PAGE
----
In a move that will resonate with SA junior doctors, the UK’s General Medical Council has warned that trainee doctors in the that country’s National Health Service are often so sleep-deprived that they are in danger of harming patients. SA junior doctors are currently campaigning for an end to excessive hours.
The Guardian reports that this is according to the General Medical Council’s biggest annual survey of trainee medics’ experiences, which found increasingly heavy workloads and widespread staff shortages mean the UK’s 54,000 junior doctors are being left to look after wards of patients without proper experience.
One in four doctors below the level of consultant say their schedule leaves them sleep-deprived and 43% describe their workloads as heavy or very heavy. Those with the most intense schedules are much more likely to encounter patient safety being put at risk, the survey found.
The report says in one unnamed hospital, a junior doctor was the sole medic left in charge of 300 patients overnight – a case the GMC’s CEO, Charlie Massey, said was extremely concerning. The risk of the doctor being unable to deal with two medical emergencies happening simultaneously meant such lack of cover should never happen, he said.
“Patients who are in hospital overnight are in a hospital for a good reason and if something should happen to one or more patients during that nightshift, and that trainee has been left alone, that creates real potential risk to patients,” Massey said. He said he was “astonished” to have learned that a single doctor had been left unsupervised and having to handle the care of so many patients.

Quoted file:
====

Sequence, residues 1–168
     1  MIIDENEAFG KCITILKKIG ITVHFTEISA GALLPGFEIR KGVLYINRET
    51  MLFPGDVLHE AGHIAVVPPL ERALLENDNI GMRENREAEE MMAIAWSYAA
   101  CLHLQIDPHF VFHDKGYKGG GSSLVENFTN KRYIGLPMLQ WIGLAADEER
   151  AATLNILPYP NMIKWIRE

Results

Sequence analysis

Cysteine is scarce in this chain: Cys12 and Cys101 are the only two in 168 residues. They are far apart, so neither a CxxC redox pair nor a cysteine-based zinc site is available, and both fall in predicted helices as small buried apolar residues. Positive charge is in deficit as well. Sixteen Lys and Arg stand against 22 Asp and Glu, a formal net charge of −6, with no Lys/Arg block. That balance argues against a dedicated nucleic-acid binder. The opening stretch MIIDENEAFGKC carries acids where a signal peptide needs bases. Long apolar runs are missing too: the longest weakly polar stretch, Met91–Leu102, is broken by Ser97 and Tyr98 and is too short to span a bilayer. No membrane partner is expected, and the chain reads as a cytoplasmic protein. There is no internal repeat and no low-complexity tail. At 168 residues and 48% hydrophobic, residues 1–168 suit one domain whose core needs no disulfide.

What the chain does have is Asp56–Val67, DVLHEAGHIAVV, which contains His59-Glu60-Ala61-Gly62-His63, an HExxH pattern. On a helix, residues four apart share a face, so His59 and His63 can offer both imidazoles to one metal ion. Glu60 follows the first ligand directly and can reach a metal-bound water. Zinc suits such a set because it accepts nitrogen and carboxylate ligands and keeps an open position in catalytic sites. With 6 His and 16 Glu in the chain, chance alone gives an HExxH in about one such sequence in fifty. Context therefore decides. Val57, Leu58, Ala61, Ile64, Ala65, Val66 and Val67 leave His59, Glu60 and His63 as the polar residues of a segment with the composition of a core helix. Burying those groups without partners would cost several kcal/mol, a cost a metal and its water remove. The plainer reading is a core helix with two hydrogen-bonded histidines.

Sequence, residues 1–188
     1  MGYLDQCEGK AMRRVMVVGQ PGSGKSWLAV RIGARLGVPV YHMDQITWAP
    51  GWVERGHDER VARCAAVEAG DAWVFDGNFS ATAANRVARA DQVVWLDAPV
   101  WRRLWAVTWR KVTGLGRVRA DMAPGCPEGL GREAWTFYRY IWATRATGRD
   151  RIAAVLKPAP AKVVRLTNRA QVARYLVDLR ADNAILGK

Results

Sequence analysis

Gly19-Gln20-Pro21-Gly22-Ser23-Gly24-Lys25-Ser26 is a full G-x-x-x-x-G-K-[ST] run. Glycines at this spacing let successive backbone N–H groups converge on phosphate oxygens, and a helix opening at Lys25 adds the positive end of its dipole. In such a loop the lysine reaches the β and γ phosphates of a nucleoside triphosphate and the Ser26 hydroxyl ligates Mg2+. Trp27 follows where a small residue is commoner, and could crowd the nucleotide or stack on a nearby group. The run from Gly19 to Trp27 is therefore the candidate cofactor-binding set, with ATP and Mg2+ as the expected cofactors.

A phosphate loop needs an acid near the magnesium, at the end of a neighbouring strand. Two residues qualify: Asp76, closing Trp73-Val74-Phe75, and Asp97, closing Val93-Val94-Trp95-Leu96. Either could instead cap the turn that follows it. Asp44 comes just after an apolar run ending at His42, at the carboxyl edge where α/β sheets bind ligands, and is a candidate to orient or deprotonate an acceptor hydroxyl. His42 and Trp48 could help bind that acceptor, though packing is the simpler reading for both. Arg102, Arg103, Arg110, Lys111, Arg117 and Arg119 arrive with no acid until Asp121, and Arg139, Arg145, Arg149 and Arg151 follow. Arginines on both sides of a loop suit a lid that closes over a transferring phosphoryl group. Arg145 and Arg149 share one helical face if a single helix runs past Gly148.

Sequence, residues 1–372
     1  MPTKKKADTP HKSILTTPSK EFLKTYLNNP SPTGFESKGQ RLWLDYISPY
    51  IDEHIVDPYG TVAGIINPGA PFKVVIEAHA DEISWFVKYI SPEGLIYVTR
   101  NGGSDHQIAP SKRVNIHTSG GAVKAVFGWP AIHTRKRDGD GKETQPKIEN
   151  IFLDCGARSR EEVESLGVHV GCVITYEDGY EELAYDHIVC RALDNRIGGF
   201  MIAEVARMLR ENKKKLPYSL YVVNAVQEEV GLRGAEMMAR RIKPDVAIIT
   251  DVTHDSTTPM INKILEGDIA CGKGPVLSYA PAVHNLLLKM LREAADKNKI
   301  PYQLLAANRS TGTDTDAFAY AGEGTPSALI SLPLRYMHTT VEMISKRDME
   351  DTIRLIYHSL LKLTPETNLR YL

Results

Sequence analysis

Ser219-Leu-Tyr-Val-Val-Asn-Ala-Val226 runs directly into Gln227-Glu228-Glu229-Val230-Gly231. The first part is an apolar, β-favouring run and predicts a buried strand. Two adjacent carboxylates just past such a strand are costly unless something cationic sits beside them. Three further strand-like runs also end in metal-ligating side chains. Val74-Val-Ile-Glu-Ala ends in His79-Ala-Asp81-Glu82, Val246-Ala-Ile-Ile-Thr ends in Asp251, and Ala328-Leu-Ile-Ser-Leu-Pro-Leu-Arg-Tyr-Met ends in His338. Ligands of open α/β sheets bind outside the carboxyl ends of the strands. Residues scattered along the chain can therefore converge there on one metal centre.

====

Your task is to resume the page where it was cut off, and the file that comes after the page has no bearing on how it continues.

The proportion of trainees describing themselves as sleep-deprived rose from 21% in 2012 to 24.4% this year. “This is an increasing and worrying trend and it’s very concerning when doctors say that it’s jeopardising their ability to make good judgments and to provide safe care,” Massey is quoted in the report as saying.
“Sleep deprivation matters because (tired) doctors may not remember all of the things that they should remember – for example, all the things to do to safely intubate an individual – because they are so knackered or may not remember all the patient’s history and may therefore make the wrong clinical judgment about them.”
Massey is so worried by the potential for patients being harmed by rising fatigue and workload pressure among hospital doctors that he has written to every NHS provider of care across the UK warning them to take steps to ensure the safety and quality of care
A separate survey of junior doctors, undertaken by the Royal College of Physicians, found that 80% of trainee medics say their job sometimes or often causes them excessive stress. One in four of the 498 junior doctors surveyed by the RCP said their job seriously affected their mental health and 54% said it affected their physical health. Pressure on trainees had reached a “harmful and unsustainable level”, the college said.
Massey said the demands being placed on trainees were now so great that there was a risk of some being “used and exploited” by their hospitals because there were too few staff to cope with the work that needed to be done.
Massey also voiced unease that the quality of handovers from one set of doctors to another – which are integral to patients receiving good care – had emerged as a growing concern. Young doctors’ clinical education is also being interrupted by them being called out of training sessions to attend to problems involving patients, the GMC found.
NHS Employers said the new contract being imposed on junior doctors in England, which prompted the recent year-long industrial dispute between the British Medical Association and the government, would remove or mitigate many of the concerns behind their rising dissatisfaction.